Russian Journal of Applied Chemistry, 2012, Vol. 85, No. 7, pp. 1011−1016.
Pleiades Publishing, Ltd., 2012.
Original Russian Text © L.A. Zemnukhova, T.A. Babushkina, A.M. Ziatdinov, A.N. Kholomeidik, 2012, published in Zhurnal Prikladnoi Khimii, 2012, Vol. 85,
No. 7, pp. 1042−1047.
AND INDUSTRIAL INORGANIC CHEMISTRY
Impurity Paramagnetic Fe(III) and Mn(II) Centers
in Samples of Amorphous Silica of Different Origin
L. A. Zemnukhova, T. A. Babushkina, A. M. Ziatdinov,
and A. N. Kholomeidik
Institute of Chemistry, Far Eastern Branch, Russian Academy of Sciences, Vladivostok, Russia
Nesmeyanov Institute of Elementoorganic Compounds, Russian Academy of Sciences, Moscow, Russia
Received July 27, 2011
Abstract—Some important magnetic and local structural properties of amorphous silica separated from biogenic
(fruit shell of rice and oats, larch and Korean spruce needles, horsetail pedicels, and diatomic algae) and mineral
raw were determined by the method of electron paramagnetic resonance. The data obtained can be useful when
selecting raw materials and for development of processing scheme of its treatment to separate silicon(IV) oxide
with required characteristics.
Amorphous silicon(IV) dioxide (silica) has a wide
range of applications, depending on its properties,
which are in turn determined by the type of raw material
and processing conditions. Previously, some charac-
teristics of amorphous silica obtained from plant raw
materials, rice and oat production wastes [2–8] have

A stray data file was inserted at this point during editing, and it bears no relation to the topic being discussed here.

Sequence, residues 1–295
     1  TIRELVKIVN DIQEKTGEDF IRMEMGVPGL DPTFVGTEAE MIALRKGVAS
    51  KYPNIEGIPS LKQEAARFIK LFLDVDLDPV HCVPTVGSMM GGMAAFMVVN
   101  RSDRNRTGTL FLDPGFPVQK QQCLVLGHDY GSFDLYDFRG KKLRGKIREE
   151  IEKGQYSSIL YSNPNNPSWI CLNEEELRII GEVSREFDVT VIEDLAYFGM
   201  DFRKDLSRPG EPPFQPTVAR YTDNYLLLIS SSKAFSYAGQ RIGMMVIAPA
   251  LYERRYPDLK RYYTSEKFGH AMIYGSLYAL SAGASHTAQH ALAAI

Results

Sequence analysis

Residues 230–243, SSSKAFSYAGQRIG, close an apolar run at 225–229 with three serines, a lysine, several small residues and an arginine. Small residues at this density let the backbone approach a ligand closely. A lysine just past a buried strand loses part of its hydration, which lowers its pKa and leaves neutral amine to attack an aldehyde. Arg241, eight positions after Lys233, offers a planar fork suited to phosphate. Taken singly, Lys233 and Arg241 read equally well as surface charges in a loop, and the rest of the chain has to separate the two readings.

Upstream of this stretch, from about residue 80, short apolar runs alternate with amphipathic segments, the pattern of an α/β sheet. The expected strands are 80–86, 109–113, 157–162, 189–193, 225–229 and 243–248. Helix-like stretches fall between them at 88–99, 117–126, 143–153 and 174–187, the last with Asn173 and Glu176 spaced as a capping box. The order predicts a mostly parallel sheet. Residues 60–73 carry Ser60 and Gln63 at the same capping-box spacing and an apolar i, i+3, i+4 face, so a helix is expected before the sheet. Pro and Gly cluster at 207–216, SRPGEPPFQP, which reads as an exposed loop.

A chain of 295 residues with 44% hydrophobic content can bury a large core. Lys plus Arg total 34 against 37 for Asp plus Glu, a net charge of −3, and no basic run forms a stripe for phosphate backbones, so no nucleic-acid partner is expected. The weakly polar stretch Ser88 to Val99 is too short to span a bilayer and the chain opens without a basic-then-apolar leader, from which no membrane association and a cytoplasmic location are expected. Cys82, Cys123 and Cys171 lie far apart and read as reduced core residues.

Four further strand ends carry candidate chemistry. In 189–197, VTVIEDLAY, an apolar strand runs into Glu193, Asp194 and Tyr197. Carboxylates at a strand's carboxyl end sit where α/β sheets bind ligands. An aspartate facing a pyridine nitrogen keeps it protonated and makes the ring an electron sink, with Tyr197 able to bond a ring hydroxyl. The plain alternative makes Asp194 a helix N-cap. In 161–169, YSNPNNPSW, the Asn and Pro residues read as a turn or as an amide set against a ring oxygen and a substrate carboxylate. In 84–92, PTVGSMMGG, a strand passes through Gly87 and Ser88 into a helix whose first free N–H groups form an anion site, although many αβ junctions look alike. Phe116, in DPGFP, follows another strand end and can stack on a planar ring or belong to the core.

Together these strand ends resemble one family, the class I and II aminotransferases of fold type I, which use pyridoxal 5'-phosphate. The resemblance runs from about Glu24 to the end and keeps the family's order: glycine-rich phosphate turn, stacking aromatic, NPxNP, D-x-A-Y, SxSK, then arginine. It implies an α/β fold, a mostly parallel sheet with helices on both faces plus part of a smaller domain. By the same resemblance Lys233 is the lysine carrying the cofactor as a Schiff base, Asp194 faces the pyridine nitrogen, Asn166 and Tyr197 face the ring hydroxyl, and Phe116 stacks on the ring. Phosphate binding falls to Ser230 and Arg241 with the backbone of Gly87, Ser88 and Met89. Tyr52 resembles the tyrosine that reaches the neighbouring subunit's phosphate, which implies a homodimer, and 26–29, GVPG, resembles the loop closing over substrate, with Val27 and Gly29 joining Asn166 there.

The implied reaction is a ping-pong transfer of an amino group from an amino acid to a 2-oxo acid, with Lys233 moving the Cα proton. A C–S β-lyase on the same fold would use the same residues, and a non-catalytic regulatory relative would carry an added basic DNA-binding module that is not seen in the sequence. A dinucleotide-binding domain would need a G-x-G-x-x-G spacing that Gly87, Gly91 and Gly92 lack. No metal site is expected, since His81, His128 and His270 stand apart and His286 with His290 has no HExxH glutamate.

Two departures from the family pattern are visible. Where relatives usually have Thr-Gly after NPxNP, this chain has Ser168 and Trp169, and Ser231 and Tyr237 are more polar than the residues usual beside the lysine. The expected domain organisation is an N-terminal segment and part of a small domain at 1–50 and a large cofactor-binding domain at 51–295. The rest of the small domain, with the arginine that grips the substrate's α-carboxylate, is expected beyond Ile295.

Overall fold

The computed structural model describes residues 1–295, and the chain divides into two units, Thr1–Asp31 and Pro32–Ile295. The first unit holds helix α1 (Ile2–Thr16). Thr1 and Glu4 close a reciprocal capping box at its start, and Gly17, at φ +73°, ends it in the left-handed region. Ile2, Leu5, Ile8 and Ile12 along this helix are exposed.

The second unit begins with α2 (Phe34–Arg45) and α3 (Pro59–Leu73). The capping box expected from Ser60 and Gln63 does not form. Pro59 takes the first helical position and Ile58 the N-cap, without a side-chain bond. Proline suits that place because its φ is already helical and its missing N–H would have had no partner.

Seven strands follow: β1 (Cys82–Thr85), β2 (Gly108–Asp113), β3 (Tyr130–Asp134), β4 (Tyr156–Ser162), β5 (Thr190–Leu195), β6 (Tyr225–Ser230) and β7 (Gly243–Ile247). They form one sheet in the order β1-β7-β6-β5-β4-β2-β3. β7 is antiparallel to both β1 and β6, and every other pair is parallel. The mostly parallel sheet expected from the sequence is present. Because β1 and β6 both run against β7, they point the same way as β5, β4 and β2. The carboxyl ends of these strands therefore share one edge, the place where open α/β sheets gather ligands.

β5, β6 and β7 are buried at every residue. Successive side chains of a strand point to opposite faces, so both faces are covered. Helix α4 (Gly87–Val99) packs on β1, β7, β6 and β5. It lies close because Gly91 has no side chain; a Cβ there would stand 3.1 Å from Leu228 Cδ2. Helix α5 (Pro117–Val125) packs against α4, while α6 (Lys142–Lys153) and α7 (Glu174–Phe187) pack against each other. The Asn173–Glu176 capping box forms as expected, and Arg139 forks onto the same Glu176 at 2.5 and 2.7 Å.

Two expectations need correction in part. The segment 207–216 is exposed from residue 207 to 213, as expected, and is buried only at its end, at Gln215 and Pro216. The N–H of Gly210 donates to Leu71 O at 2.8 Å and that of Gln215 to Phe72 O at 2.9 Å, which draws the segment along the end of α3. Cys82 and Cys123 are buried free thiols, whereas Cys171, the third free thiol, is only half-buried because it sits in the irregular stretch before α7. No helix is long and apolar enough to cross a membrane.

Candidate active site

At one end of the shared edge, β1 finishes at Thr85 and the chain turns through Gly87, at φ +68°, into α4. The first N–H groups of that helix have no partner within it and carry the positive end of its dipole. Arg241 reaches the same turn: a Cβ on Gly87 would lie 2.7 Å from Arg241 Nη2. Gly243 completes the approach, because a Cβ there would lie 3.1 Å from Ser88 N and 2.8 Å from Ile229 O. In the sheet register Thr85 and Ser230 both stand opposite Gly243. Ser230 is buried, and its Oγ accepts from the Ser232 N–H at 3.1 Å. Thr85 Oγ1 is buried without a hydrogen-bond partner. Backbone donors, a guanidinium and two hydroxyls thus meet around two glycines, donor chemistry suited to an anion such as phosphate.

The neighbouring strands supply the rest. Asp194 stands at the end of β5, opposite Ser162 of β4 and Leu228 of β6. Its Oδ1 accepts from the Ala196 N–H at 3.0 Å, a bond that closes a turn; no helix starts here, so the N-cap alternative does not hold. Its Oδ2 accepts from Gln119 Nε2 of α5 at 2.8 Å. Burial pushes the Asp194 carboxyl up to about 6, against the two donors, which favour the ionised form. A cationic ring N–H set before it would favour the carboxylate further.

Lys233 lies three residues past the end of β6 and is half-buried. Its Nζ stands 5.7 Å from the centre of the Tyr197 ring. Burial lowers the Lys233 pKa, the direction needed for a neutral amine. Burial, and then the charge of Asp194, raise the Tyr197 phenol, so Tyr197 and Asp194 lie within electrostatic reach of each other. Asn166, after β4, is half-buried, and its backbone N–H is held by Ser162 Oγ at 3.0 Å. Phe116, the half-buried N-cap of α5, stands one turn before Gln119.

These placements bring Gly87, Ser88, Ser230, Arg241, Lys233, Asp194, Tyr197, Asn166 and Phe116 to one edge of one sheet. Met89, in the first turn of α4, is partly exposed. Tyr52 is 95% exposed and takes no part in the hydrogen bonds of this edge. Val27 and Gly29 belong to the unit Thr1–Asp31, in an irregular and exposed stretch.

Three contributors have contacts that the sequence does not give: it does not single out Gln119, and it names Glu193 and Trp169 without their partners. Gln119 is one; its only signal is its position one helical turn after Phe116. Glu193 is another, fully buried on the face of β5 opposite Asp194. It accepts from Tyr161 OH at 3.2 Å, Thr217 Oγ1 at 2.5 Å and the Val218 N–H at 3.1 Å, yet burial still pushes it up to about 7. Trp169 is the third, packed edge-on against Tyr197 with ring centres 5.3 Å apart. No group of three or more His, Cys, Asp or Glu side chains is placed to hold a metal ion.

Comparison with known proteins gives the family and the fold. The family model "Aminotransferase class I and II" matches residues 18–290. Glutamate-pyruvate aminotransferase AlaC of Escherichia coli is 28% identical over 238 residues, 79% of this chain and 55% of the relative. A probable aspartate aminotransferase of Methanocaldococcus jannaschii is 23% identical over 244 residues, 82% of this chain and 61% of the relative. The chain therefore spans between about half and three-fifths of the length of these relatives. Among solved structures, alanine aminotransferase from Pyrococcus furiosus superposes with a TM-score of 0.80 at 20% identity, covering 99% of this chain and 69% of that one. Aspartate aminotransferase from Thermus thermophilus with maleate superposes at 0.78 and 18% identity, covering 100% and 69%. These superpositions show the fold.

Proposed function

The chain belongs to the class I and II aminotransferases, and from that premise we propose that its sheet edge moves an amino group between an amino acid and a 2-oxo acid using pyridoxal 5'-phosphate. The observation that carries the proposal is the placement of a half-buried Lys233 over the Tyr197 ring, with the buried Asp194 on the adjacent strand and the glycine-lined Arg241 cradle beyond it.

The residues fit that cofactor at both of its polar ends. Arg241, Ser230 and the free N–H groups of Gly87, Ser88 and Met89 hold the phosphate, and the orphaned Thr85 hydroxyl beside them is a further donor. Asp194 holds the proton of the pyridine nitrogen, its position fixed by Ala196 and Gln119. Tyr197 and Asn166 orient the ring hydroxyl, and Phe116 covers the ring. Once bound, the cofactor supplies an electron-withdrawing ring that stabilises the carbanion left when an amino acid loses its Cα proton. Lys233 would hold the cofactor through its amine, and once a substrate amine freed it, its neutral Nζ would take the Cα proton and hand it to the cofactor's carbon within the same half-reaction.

been determined by the chemical and X-ray analyses
and IR, NMR, and XPS spectroscopies. Qualitative and
quantitative determination of the impurities present in
silica is important to characterize its quality and outline
prospects of use. In the literature, paramagnetic centers
in silicon(IV) dioxide crystalline modiﬁ cation, quartz,
contrary to its amorphous modiﬁ cation, have been ex-
tensively studied .
This work continues the study of the properties of
amorphous silica. The presence and origin of the impu-
rity paramagnetic centers in samples of amorphous silica
obtained by different methods from silicophilous plants
(rice and oats straw and husk, larch and spruce needles,
horsetail pedicels, and diatomic algae) were determined
by the method of electron paramagnetic resonance (EPR)
and compared with the commercial samples produced
from mineral raw material in industry.
We studied samples of amorphous silica obtained
from silicophilous plants: fruit shells (husk) of rice
(Oryza sativa L., collected in Krasnodar and Primorsk
krai), oat husk (Avene sativa L.), daurian larch needles
(Larix duherica Turcz.), Korean spruce needles (Picea
koraiensis) and horsetail pedicels (E. Sylvaticum. L.),
which were collected in Primorsk krai.
Silicon(IV) oxide was separated from plants by two
procedures: two-stage oxidative burning of raw material
(with or without pretreatment with hydrochloric acid) [2,
3] or precipitation with hydrochloric acid (pH 4) from
alkaline solutions formed after treatment of the raw mate-
rial in a solution of sodium hydroxide .
For comparison, we studied diatomite sample col-
lected in Australian deposit, silica samples separated
from Kamchatka thermal waters , sample obtained
from ferroalloy production wastes , commercial re-
agents “Silicic acid, SiO
O” [GOST (State Standard)
4214-78), “Silica for thin-layer chromatography” (TLC)
produced at a Krasnyi Proletarii plant, Russia, and product
“Polysorb MP” produced at a Polysorb Closed Joint-
Stock Company, Russia. Several samples of crystalline